During the week of June 24, the president tweeted recently, Immigration and Customs Enforcement “will begin the process of removing the millions of illegal aliens who have illicitly found their way into the United States.”

Three days before he made that promise, I drove uphill between the concrete and wood structures of a cluster of Chester County mushroom farms, pungent from composted manure and compressed sawdust, in an intensely farmed southern corner of the county, “America’s Mushroom Capital.” It’s a place where workers are already scarce, foreigners take the hard jobs, and growers wonder why their government seems to be pushing them away from their family businesses of filling the produce aisles.

In one farm office, the manager showed me a new letter from the Department of Homeland Security, which runs ICE. The assistant special agent in charge wrote that ICE agents had stopped by recently to copy employment records. Over the next four weeks, they had checked those documents, and found that some of the workers "appear, at the present time, not to be authorized to work in the United States.”

Why? Some work documents appeared to “pertain to other individuals.” Others didn’t match official records, provide employment authorization, or had expired. For all those reasons and more, they failed to “satisfy the Form I-9 employment eligibility verification requirements of the INA,” the Immigration and Nationality Act of 1952. As amended.

The letter listed the familiar Spanish names: Carlos, Jesus, Maria, Miguel. Gonzalez, Martinez, Zavala. In combinations and hyphenations. With hire dates, Social Security numbers, and the status of those numbers, marked “Invalid.” More than two dozen.

Unless they can come up with new, valid documents, “they are considered by [Homeland investigators] to be unauthorized to work in the United States.” If he keeps them on, the farmer may be subject to “civil penalties ranging from $548 to $4,384 per unauthorized alien for a first violation.” And more if ICE finds this has happened here before.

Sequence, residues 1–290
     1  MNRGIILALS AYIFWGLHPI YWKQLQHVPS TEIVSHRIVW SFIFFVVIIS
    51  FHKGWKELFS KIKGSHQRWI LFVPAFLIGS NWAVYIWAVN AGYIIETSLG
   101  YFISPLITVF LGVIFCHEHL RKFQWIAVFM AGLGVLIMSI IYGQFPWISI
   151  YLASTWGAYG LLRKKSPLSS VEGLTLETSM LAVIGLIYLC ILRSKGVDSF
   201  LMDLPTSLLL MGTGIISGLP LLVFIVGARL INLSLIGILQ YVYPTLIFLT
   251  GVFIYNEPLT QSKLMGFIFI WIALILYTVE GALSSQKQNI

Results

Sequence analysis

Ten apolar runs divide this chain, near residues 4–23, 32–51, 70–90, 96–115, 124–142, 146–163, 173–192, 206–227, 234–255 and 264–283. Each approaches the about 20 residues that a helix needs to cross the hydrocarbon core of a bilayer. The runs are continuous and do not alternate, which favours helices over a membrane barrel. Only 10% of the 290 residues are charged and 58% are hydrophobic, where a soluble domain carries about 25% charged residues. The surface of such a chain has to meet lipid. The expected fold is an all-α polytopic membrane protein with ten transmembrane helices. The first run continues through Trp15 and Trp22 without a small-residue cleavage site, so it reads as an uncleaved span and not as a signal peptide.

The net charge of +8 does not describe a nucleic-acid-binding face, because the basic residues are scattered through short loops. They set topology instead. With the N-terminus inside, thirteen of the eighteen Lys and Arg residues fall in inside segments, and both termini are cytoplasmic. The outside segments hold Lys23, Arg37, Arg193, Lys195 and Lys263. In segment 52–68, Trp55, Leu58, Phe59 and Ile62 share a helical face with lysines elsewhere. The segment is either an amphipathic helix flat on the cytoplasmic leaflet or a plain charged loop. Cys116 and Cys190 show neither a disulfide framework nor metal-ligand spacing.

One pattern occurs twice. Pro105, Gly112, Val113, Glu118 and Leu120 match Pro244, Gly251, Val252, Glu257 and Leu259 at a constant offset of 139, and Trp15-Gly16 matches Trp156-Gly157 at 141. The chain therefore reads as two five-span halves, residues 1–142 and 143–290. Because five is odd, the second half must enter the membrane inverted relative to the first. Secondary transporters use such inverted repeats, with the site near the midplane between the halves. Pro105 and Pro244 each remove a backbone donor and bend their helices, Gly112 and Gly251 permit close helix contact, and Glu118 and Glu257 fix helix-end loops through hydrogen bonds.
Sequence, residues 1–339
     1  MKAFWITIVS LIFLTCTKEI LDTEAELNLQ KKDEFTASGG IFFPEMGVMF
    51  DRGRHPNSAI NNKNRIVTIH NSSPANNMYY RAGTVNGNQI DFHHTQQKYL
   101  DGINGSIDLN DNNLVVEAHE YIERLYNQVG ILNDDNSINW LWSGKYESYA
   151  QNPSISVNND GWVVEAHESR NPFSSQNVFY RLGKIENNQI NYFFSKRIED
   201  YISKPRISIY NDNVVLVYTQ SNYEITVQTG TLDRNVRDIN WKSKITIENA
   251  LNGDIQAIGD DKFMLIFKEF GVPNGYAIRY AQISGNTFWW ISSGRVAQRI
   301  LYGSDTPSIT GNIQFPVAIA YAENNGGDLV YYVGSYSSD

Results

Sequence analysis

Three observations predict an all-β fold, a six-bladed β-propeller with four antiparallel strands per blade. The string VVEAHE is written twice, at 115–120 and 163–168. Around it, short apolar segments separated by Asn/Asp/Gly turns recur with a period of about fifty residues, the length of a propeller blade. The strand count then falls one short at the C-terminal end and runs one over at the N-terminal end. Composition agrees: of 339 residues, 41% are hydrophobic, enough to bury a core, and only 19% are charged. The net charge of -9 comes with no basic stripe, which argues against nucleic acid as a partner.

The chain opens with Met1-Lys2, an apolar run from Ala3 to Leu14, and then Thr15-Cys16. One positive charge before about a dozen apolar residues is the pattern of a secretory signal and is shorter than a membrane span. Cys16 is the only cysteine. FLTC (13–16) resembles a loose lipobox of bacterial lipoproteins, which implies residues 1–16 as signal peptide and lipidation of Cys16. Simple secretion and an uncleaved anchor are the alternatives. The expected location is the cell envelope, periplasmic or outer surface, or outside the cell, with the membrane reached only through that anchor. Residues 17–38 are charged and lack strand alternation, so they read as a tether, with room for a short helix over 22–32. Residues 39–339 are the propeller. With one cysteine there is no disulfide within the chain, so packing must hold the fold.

“This is a very serious matter that requires your immediate attention.”

Within 10 business days, the assistant special agent in charge concluded, the employer must either verify the workers’ status “or take other appropriate actions.” The penalties could include “civil” fines. Or worse: “Criminal charges may be brought against any person or entity that engages in a pattern or practice of knowingly hiring or continuing to employ unauthorized aliens.”

Most of the men and women on the list are already gone, the farm manager tells me. If the last seven from the list can’t find valid papers and also end up leaving the farm, some of their fully documented family members will go with them, reducing his workforce even more.

The owner had invited me so he could vent about the damage. The manager asked me not to name the farm. He says ICE people have been polite and professional. But why risk annoying the assistant special agent in charge?

The owner and the manager don’t want to lose these workers. They don’t know how they are going to replace them.

An experienced picker in a busy week can earn more than $1,000. But Chester County is the richest of Pennsylvania’s 67 counties, and it’s easy enough for people who speak standard English to get a job in an air-conditioned store, or a warehouse, without the stooping, the clinging dirt, the repetitive cutting, the careful rapid handling, the cyclical sweating and chilling, the variable hours, and the predawn start times that get our favorite fungi to ShopRite or Wegmans, fresh, for a few bucks a pound.

Immigration agents have periodically busted Chester County mushroom farms since year-round Mexican workers began replacing U.S.-citizen winter harvesters from Puerto Rico, as the industry went from seasonal canning to fresh production, in the 1970s.

Thousands of mushroom pickers won legal status with the Reagan-era amnesty. But those workers are now in their 50s.

Growers face other perennial problems -- foreign competition, pests, energy. But labor is key. The owner, who voted for the president, says the government “is taking my already-depleted labor force away while my mushrooms rot on the beds.”

The largest mushroom farmers have diversified -- trucking, cold storage, real estate development. With labor so scarce, production will move overseas, or to growers who invest in automation or who can offer better-than-industrial wages for higher-priced specialty fungi.

The manager hasn’t heard of a recent mass enforcement campaign. He thinks “someone called Homeland Security on us.”

Who would do that? A competitor? A neighbor with a beef? The kind of person who can’t stand the idea of someone who wants to work but doesn’t have papers up here earning several hundred dollars a week in a sweaty job that Americans won’t do? He won’t guess.

“These people are good at this,” says the manager. To be sure, some workers with papers, who have married and settled here, aren’t raising their kids to do this work: “The Mexicans are moving up, like the Italians moved up."

But there are sons and cousins in rural Mexico who would like to work the harvests here in the North, and some hungry Central Americans, who have, as the president says, “found their way,” outside the limited guest-worker and citizenship programs, without the right papers.

The owner and the manager say they don’t understand why the workers have to go home, or who benefits from their departure. “We need them to harvest our mushrooms,” the manager says. “There should be a program in place.”